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Artist Profile: Kristian Hardy ’24 on Representing Black Womanhood in Theater

Kristian A. Hardy '24 is a junior in Dunster House studying Theater, Dance, and Media and African & African-American Studies.
Kristian A. Hardy '24 is a junior in Dunster House studying Theater, Dance, and Media and African & African-American Studies. By Jose A. Avalos
By Taylor S. Johnson, Contributing Writer

Kristian A. Hardy ’24 is a self-proclaimed “multi-hyphenate creative” who is pursuing a concentration in Theater, Dance, and Media and African & African-American Studies. As someone who views theater as an all-encompassing field, she has learned to act, sing, dance, and produce, and she has some practice in set building and sound design as well. Around campus, she is well-known for her direction of the play “All the Natalie Portmans” during the Spring 2022 semester and more recently, the musical “The Bubbly Black Girl Sheds Her Chameleon Skin” in Spring 2023.

These plays, as all of the art she aims to share, were put on with Black women and girls in mind.

“The work that I do there is also definitely to serve as a form of representation and just showing other Black girls that they can create their own realities and that their dreams are attainable,” Hardy said.

Of course, she clarified this does not mean her shows cannot be watched by people of other races and genders — everyone who wants to watch and listen to these stories is encouraged to do so — but Black viewers are the target audience.

The most obvious reason for having this specific audience is representation, but Hardy makes it clear that this is an oversimplification. According to Hardy, Generation Z has grown up with substantially more representation in media than previous generations, and she has continuously been inspired by those as part of popularizing Black women’s stories, but she recognizes that large issues remain. To Hardy, not only is representation of Black people important, but their stories and messages are just as important, if not more.

“Yes, we are represented and included, but now what stories are we telling and how is that working to further uplift our community,” she said.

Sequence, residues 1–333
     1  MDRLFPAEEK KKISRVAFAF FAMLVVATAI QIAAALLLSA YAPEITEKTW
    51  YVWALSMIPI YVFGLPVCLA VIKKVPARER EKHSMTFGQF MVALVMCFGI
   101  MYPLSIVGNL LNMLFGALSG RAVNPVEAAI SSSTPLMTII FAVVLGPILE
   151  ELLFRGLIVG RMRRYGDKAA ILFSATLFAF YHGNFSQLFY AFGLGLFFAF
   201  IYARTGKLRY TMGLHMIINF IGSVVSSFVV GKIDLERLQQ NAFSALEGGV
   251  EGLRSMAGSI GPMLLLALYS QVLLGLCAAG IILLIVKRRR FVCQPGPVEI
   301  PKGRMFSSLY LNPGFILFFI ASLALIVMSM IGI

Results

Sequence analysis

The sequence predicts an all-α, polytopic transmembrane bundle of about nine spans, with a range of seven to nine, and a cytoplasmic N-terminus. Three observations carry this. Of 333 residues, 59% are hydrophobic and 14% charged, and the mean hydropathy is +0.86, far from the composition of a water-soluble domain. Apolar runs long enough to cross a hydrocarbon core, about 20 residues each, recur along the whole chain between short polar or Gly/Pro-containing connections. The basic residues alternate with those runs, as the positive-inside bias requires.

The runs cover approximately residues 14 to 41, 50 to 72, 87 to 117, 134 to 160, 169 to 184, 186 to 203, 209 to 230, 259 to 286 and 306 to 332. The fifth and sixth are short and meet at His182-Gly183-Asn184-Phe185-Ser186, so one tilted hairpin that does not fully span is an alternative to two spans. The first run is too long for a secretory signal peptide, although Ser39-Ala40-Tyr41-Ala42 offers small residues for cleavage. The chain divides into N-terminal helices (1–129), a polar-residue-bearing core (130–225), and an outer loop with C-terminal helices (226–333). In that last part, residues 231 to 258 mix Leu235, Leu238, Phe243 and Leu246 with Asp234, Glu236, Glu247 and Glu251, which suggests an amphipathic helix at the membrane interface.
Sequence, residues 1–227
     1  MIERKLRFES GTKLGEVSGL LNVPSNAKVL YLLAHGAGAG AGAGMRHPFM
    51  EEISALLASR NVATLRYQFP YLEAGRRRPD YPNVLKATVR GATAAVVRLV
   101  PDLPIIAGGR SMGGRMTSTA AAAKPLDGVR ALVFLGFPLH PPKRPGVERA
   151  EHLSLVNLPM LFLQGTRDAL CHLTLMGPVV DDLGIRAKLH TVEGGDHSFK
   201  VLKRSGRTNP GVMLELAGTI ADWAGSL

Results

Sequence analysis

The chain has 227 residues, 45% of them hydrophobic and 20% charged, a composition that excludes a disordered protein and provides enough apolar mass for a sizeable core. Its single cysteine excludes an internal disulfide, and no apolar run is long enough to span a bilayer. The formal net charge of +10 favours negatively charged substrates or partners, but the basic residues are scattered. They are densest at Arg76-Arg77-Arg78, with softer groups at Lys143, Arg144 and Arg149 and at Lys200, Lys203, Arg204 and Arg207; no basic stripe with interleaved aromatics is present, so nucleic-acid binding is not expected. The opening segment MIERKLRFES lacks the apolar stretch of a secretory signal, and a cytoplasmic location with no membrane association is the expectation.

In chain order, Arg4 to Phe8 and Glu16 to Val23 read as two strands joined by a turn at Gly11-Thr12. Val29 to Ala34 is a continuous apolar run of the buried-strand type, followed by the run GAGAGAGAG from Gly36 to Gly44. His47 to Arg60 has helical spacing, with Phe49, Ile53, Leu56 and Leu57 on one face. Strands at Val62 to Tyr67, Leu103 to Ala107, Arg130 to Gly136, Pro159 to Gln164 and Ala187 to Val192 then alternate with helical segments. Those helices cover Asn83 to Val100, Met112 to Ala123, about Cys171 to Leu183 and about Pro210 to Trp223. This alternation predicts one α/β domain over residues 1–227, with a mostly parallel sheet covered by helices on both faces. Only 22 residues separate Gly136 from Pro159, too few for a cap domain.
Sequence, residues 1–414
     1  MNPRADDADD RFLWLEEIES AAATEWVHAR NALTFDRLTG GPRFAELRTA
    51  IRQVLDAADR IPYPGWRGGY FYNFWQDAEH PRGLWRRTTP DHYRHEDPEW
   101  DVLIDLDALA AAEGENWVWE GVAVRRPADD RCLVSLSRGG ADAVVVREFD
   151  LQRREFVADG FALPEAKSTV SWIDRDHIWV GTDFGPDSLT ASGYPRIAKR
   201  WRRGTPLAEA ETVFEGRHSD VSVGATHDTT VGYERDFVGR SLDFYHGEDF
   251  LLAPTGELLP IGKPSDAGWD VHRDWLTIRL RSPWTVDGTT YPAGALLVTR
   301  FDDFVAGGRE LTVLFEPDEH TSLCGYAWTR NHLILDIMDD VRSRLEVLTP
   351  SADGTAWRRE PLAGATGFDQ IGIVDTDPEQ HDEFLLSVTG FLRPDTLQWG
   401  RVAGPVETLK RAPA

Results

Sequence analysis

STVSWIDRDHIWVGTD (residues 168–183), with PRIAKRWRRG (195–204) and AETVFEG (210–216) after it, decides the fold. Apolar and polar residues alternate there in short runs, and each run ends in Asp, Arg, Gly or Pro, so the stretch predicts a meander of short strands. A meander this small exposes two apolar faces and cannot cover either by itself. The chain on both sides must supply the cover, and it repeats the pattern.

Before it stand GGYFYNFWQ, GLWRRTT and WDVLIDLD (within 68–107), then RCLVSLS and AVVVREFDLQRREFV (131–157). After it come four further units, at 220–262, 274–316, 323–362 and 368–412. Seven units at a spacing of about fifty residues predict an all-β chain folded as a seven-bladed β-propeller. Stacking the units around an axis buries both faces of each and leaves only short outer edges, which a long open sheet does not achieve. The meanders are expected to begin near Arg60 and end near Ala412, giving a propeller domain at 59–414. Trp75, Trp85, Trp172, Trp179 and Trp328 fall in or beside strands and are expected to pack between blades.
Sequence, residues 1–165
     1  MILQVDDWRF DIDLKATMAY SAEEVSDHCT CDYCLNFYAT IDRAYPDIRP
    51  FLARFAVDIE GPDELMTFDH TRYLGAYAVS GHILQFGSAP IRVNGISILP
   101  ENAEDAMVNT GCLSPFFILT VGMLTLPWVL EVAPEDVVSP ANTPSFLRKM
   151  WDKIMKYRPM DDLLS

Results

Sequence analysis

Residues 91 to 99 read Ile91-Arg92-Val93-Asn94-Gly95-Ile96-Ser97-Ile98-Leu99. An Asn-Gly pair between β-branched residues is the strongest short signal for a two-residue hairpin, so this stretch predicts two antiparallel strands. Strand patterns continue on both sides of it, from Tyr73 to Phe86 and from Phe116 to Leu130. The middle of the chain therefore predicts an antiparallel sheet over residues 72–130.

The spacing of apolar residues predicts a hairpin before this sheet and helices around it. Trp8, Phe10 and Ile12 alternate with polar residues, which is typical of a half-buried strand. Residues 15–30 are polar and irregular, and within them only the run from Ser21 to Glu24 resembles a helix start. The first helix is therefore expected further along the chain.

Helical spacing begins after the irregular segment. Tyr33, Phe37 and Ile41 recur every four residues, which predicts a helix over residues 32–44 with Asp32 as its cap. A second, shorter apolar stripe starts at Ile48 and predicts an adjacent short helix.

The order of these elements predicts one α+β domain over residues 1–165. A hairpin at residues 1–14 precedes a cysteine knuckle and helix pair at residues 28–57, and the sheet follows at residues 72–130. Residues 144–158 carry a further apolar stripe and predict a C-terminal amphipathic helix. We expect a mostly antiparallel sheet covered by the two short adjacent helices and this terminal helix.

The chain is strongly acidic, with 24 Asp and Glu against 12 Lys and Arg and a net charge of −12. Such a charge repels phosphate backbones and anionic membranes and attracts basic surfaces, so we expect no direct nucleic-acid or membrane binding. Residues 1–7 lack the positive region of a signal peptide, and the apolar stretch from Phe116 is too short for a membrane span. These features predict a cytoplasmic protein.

There are a multitude of Black stories that offer a variety of morals and provoke various feelings, and as an artist, Hardy makes it her mission to showcase as many as possible. Inherently, this means discussing and presenting subjects that are neither palatable to wide audiences nor easy to understand and reflect on. If Black people are to be truly represented, the wide variety of their stories must be portrayed — which is why she has directed shows that deal with undertones of hardship and grief. “All the Natalie Portmans” and “The Bubbly Black Girl Sheds her Chameleon Skin” express the struggles experienced by Black women, and attempt to find the humor in them. Hardy does not shy away from dealing with difficult topics in her productions.

“I just commit — you have to commit. I think if you awkwardly sidestep, especially with this past show because it was filled with so much satire, to treat the story as ‘Oh my god, are we going to offend people, are people going to feel uncomfortable?’ They should feel uncomfortable. That’s reality. That’s theater,” Hardy said.

Hardy is aware that she cannot control the audience’s reception of her art.

“That isn’t a reflection of me, they just have a different humor. They just see things differently,” she said.

This is particularly true if she sees the Black people in the audience — the people who the show is intended for — reacting in a way that shows their approval or recognition of the humor.

“At the end of the day, if I feel like what I did was fly, it’s fly. People may like it or they may not, but if I like it, I like it,” she said.

At the same time, Hardy believes in making sure the people behind the show — the cast and crew — are comfortable while practicing and experimenting. For example, “The Bubbly Black Girl Sheds her Chameleon Skin” featured a song including slurs, and in response, Hardy pulled her actors aside and said they have “the agency to decide” what they felt comfortable saying, and that their safety and comfort were much more important than the production.

Directing is a laborious task, and Hardy does her best to make sure that her productions are meaningful experiences for the audience, as well as for the cast and crew.

“This semester I was the only Black director on campus. I don’t want to be that,” she said.

Hardy hopes that more Black artists — more marginalized people in general — continue to be inspired to share their stories and their art.

For now, she continues to do her part in magnifying Black stories. Next spring, her thesis performance, a solo show, will highlight the intersectionality of “Black womanhood, and queerness, and Southern spirituality.”

It takes a lot of hard work and a lot of fighting to be heard, but Hardy looks forward to a day where anyone can make art and have fun with it.

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